authenticated and authorized users in a secure way. This means that structural security
properties of objects, upon their installation, can be verified. In addition, each object is
maintained and manipulated within our secure environment so each object is protected
and secure in all its states, even after its closing state, because the original objects are
encrypted and their data and states stored in a database or in files are also protected.



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    Formal validation of our approach and our methodology is performed using Threat
Model. We analyzed our generic security objects individually and identified various
potential threats for their data, attributes, actions, and various states. We also evaluated
behavior of each object against potential threats and established that our approach
provides better protection than some alternative solutions against various threats
mentioned. In addition, we applied threat model to our composite generic security
objects and secure network applications and we proved that deductive approach provides
better methodology for designing and developing secure network applications. We also
quantitatively evaluated the performance of our generic security objects and found that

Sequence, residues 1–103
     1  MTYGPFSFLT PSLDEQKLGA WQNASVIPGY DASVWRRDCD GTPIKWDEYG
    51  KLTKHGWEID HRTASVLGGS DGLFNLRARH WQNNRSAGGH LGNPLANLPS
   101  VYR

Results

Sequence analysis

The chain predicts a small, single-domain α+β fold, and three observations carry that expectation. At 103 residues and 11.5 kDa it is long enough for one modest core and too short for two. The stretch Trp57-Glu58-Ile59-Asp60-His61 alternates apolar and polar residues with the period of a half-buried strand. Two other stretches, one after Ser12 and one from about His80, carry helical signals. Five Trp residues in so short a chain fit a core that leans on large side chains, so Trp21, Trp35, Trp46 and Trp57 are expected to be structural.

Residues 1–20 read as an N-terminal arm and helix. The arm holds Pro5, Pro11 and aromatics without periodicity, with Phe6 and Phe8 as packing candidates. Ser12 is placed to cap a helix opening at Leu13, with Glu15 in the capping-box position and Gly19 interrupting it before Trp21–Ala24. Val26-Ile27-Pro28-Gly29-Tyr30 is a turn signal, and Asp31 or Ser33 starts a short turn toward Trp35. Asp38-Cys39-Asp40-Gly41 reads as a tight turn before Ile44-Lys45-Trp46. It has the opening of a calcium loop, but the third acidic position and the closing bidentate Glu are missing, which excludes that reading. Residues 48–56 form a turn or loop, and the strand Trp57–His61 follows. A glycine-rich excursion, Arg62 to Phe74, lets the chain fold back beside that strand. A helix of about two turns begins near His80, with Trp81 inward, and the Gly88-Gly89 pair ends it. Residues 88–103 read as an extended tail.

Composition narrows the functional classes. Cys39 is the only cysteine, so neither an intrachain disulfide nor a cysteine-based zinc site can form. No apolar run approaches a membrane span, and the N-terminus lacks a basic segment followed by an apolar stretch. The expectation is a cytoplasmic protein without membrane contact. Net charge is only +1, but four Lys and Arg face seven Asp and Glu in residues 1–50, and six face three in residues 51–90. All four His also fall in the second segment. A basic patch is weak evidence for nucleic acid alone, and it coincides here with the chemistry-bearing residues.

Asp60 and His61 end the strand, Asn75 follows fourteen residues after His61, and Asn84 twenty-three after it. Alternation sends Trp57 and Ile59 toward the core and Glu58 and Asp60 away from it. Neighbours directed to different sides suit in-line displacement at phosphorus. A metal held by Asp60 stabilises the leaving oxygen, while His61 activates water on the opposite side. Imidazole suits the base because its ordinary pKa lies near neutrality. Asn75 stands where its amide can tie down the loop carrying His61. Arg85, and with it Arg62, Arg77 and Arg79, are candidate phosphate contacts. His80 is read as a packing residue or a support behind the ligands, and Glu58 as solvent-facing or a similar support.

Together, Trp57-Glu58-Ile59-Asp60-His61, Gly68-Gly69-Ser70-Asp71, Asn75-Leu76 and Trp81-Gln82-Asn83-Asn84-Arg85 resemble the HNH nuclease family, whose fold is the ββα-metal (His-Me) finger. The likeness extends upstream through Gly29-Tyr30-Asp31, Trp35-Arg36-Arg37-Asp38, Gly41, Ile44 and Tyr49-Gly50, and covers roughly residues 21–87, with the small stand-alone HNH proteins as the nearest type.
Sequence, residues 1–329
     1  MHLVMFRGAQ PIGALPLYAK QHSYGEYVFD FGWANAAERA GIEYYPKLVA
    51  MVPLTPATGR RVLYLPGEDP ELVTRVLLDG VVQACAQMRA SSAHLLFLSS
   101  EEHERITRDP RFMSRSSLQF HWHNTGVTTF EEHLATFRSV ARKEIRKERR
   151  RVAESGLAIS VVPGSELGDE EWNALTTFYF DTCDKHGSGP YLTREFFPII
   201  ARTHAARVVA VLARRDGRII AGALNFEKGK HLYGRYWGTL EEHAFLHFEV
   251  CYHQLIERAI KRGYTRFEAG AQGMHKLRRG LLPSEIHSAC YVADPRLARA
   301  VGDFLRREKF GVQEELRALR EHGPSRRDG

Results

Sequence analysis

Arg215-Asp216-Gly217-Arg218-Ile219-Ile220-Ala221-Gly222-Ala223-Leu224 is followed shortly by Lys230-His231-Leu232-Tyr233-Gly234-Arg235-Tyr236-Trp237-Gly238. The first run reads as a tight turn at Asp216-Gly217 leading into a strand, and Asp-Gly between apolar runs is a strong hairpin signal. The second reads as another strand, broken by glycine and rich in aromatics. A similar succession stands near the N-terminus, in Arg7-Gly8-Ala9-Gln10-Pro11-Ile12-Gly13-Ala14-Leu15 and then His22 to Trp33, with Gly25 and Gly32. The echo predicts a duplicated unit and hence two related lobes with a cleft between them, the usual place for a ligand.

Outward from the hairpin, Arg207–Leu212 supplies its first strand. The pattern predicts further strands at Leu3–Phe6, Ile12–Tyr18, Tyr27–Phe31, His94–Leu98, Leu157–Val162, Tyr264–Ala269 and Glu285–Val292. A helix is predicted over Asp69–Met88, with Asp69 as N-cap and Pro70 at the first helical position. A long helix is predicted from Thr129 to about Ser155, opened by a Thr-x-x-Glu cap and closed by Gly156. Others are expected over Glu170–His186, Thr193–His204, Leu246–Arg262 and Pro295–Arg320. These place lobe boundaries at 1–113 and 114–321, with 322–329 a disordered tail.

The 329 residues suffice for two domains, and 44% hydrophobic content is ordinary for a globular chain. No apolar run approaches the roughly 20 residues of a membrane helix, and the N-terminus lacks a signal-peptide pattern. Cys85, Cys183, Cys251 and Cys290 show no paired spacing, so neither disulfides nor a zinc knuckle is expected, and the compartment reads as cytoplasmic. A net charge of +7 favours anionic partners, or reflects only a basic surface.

the system developed using our methodology performs cryptographic functions
efficiently.
    We have also solved some additional important aspects required for the full scope of
security services for network applications and cloud environment: manipulation and
management of cryptographic keys, execution of encrypted software, and even secure
and controlled collaboration of our encrypted applications in cloud computing
environments. During our research we have created the set of development tools and also
a development methodology which can be used to create cryptographically protected
applications. The same resources and tools are also used as a run–time supporting
environment for execution of our secure applications. Such total cryptographic protection
system for design, development and run–time of secure network applications we call